I was invited to be also a guest speaker, and I was really scared because I used to actually have a fear of speaking in front of people. So I would not speak out when people would have open discussions and everything like that. But when I joined Rays of Hope, I was forced to be put into that leadership category and take on that role of, "If I want something to be done, I need to speak out about it. And I can't sit back and wait for someone else to do that." So like we said, at the protest there was, I think, over 1,000 people there, which was so amazing to me and I was so scared. But I got up on that stage and I spoke about what I believed in, and I was really excited about that opportunity and being able to connect with my community and talk to people I see at school, and see new faces that I've never seen at a protest or anything like that before.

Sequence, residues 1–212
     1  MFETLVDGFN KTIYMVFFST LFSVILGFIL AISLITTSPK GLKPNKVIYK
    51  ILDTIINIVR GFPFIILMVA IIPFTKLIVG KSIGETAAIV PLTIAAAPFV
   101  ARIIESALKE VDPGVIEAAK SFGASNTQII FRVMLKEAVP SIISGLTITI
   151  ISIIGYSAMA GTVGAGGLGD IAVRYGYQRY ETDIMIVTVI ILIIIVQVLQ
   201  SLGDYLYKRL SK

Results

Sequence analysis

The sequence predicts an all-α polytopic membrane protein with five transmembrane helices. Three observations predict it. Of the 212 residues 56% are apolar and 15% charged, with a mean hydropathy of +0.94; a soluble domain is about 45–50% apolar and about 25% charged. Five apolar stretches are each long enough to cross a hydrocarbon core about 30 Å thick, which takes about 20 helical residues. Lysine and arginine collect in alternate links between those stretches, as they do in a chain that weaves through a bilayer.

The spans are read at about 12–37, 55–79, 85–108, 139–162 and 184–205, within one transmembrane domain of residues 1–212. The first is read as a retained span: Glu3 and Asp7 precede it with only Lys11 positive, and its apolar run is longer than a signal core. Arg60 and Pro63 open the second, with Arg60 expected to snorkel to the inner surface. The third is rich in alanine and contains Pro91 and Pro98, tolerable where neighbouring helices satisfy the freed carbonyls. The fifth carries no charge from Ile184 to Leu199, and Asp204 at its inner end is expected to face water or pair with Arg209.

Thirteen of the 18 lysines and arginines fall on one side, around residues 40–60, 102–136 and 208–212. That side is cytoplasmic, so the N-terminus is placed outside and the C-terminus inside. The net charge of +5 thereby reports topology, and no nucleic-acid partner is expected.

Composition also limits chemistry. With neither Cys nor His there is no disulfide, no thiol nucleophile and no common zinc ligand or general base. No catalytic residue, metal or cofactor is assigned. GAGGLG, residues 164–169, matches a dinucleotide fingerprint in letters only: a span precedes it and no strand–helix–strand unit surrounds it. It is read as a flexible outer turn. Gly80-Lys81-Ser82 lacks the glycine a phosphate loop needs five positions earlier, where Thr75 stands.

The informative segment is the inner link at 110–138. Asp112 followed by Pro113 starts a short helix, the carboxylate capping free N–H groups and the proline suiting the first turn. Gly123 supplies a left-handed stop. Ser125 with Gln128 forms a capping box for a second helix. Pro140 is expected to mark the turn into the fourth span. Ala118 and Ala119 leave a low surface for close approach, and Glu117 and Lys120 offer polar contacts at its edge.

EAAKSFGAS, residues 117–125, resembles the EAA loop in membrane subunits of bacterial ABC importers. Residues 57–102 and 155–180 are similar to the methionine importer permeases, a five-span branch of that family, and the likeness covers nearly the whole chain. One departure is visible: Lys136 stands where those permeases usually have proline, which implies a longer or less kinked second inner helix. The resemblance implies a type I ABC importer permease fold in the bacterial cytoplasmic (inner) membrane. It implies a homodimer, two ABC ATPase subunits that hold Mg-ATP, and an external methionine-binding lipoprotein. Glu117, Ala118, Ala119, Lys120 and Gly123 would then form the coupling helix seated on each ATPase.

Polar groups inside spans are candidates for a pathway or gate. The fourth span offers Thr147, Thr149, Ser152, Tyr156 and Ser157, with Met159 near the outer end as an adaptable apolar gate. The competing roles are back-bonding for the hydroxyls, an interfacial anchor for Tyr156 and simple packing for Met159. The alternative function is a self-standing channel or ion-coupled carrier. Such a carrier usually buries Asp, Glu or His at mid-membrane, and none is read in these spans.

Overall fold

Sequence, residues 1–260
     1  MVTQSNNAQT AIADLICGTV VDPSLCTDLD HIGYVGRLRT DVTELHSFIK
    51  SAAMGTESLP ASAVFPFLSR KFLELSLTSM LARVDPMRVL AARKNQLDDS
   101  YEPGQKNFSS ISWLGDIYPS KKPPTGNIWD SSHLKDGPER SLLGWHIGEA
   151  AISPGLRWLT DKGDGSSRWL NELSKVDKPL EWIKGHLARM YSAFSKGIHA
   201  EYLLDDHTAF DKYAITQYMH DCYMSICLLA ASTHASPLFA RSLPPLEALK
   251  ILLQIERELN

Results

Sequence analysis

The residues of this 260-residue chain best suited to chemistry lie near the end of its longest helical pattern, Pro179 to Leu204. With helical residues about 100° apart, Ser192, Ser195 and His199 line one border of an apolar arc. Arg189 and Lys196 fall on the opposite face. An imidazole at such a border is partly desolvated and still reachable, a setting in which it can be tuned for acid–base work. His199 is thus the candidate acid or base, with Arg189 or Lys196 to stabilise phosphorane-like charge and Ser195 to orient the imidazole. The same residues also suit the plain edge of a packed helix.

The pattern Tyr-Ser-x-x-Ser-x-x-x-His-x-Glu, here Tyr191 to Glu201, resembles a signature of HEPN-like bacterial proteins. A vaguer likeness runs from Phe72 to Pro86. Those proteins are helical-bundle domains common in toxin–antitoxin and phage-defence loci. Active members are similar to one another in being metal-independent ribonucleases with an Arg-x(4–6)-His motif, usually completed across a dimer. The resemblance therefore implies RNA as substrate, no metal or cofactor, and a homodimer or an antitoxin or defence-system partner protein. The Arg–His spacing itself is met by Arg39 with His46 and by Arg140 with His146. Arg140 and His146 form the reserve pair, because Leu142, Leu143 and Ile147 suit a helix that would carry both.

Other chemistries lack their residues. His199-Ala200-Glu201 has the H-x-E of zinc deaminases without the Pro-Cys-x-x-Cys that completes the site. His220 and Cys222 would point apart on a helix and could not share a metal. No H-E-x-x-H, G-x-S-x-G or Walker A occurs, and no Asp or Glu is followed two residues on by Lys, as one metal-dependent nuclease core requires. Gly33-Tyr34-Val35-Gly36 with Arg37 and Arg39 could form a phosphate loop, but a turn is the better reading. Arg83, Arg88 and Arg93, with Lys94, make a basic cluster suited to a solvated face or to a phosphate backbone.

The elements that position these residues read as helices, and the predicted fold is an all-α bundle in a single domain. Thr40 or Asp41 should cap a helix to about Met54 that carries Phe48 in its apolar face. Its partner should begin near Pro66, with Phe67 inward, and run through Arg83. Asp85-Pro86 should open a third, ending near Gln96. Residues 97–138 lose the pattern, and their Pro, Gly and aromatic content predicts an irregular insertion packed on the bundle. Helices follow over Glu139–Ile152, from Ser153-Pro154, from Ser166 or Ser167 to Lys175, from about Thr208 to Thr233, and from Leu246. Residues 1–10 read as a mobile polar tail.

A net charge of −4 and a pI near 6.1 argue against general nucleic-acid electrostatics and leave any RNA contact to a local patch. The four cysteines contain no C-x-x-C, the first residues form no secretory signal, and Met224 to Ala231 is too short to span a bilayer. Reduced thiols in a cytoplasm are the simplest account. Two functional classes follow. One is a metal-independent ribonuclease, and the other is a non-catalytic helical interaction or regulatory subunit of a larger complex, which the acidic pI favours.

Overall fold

And just to see my community come together as one to talk about things that matter, it was just amazing and enlightening to see and an amazing experience that I just cherish so much. Last year, it's not very recent, but in 2019, I also was active in the "lunch shaming" bill that we wanted to pass in New Jersey. We wanted free lunch from New Jersey. And that was something I really took on as a leader, and one of my first leadership roles. I really made sure I was trying to get out and active in my community. And I talked to CBS News. I was on channel 12 New Jersey news. I was on their Spotlight as well. I was on different radio stations, 101.5, just talking about how we want change to be made in New Jersey with free lunch, because the state of New York did it.

EmbraceRace: Let me interrupt you just one second. You said just a minute ago that you used to be scared of public speaking.

Alina de Zoysa: Yeah.